I will be there with media that is not designed for yesterday, is not backwards compatible, and is wholly invested in the future.

Innovation may be a simple thing, like a better mousetrap. It may also be a complex thing that disrupts every which way. Humaginarium has a toe in the water of complex innovation.

I talk a lot about about bending the curve of bioscience in order to make it more relevant and interesting to regular folks. That’s one way to innovate: for example, by creating enjoyable content derived from radiography and microscopy that can be understood and used by blokes playing video games. Not so they’ll play doctor in a make-believe clinic, but in order to help them find and choose believable paths to wellness. That’s what I mean by “empower self-care.”

Humaginarium is also bending the curve of commercial games in order to make them more meaningful and consequential. Technologies like interactive storytelling, CGI, unlocking levels, and existential conflict scenarios are used to run half the entertainment algorithms, the dazzling half known as escapism. I want to run the other half too: the ancient medical salve known as catharsis, flourishing in the interstices between art and science. People will think better about their physical selves in the real world after they play around with our outrageous fantasies. That’s innovative too.

We’re likewise bending curve of execution in order to make products faster, better, cheaper. As Amazon Web Services says: don’t pick two, take all three! That’s innovation even a venture capitalist may appreciate. I’ve watched infrastructure as a service (IAAS) emerging for about 10 years; now it’s approaching prime time. I’m embracing it like the answer to my prayers, which in fact it is. IAAS lets me achieve practical and strategic goals with the wisdom of the commons and without wasting millions of dollars on crap like square feet and executive bathrooms.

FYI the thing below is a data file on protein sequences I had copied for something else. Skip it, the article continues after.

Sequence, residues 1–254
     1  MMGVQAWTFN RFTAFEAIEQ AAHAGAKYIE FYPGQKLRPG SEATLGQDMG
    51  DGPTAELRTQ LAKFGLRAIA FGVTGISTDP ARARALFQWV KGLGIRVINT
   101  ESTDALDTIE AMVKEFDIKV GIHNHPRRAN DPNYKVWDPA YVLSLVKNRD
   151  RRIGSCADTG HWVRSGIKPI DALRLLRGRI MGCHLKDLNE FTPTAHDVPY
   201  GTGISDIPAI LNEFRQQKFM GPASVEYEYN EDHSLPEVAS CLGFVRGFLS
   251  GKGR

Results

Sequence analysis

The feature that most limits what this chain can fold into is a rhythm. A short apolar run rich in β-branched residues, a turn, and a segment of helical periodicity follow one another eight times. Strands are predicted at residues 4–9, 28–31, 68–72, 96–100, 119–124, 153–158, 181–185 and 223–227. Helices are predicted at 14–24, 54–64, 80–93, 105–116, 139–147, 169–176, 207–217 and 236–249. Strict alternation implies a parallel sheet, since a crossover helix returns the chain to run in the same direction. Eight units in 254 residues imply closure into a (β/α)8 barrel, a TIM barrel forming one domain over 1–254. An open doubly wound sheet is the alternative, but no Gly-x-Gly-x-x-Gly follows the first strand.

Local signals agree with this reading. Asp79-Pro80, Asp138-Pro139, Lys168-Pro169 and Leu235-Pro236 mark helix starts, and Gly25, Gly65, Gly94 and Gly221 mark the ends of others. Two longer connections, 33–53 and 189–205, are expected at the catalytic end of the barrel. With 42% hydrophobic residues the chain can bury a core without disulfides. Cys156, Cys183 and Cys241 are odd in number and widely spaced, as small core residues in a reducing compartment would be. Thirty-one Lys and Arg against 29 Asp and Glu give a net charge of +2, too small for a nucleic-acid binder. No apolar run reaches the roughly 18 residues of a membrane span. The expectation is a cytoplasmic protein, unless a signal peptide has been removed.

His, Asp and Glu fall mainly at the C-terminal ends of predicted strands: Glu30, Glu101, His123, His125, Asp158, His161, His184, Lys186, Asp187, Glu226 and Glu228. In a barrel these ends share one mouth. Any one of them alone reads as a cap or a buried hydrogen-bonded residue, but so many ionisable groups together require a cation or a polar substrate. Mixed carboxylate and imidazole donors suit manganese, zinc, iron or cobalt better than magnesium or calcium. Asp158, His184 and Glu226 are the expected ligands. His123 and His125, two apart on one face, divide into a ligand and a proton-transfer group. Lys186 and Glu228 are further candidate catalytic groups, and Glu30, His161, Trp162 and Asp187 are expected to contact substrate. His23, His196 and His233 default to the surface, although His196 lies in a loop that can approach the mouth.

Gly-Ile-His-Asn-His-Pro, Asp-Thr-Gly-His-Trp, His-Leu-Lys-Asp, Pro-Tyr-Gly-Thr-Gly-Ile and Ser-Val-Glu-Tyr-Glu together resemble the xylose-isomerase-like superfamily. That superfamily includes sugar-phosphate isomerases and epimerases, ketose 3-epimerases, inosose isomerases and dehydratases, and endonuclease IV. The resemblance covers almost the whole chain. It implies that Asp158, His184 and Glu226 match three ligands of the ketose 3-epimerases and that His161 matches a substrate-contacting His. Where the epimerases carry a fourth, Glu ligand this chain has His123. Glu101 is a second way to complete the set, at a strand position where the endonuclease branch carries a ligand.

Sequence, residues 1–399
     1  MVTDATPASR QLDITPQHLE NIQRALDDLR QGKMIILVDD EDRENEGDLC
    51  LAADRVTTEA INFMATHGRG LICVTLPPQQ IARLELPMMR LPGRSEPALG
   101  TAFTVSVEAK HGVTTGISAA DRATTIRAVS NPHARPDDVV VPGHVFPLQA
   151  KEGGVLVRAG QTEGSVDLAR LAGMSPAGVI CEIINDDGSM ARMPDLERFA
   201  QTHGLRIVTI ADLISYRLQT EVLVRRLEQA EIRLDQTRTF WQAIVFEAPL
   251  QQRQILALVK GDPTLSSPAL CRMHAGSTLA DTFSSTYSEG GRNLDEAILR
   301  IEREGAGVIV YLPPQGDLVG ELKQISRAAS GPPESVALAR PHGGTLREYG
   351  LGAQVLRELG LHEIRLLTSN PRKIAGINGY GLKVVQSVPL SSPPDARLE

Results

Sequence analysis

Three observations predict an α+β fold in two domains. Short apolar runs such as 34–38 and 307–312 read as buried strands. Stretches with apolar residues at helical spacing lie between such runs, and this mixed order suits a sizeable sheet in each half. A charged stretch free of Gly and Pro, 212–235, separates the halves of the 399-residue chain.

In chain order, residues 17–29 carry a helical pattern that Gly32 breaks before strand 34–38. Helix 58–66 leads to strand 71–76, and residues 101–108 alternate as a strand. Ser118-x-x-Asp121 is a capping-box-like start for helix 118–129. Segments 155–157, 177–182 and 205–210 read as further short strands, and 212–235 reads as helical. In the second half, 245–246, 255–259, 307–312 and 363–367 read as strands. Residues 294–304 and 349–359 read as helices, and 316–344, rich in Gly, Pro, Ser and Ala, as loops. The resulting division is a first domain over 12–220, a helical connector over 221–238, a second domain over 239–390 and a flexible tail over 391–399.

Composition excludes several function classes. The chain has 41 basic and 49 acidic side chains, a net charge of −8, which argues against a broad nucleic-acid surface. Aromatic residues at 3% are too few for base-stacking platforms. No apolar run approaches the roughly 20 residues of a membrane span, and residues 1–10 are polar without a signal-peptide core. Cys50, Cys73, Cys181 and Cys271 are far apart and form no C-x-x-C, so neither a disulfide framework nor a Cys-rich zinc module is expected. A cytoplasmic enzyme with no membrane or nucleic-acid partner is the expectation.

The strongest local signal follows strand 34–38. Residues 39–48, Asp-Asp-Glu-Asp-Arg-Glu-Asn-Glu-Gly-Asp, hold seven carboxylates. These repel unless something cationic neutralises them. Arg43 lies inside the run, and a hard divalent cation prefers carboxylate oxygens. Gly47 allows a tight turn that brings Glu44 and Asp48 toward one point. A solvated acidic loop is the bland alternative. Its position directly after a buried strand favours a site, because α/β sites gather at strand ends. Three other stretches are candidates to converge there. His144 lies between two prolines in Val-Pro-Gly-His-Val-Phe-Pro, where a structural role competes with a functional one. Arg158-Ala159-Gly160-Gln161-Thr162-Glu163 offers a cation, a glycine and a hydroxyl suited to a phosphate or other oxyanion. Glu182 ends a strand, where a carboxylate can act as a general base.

We’re also bending the curve of delivery by streaming high-quality game entertainment from the cloud to all devices. No downloading, no consoles, no costly gaming PCs. Just instant access to video games the same way movies are accessed on Netflix and Amazon Prime. As the issue of latency crumbles, constraints on the video game market will burst. I will be there, with my toe in the water, casting exciting media that is not designed for yesterday, is not backwards compatible, and is wholly invested in the future. Dangerously innovative!

There is one more thing to mention here. We are bending the curve of enactment. This is very much on my mind as I approach the NIH for seed funding. By enactment I mean bridging the gap between learning (thinking) and doing (behaving). This innovation is so rare and desirable that it could be called fool’s gold, but not this time. Influences like behavioral economics and positive psychology push me forward, full of optimism, that we will reliably produce valuable outcomes. Humaginarium will ride them to a new level of achievement with video games that are great works of art; art that not only fills people with wonder, but also leads them out of their fearful fantasies and into objective reality where, more than ever before, sublime differences in the quality of life can be made.

Author: Robert S. Becker, Phd

Founder and CEO of Humaginarium LLC

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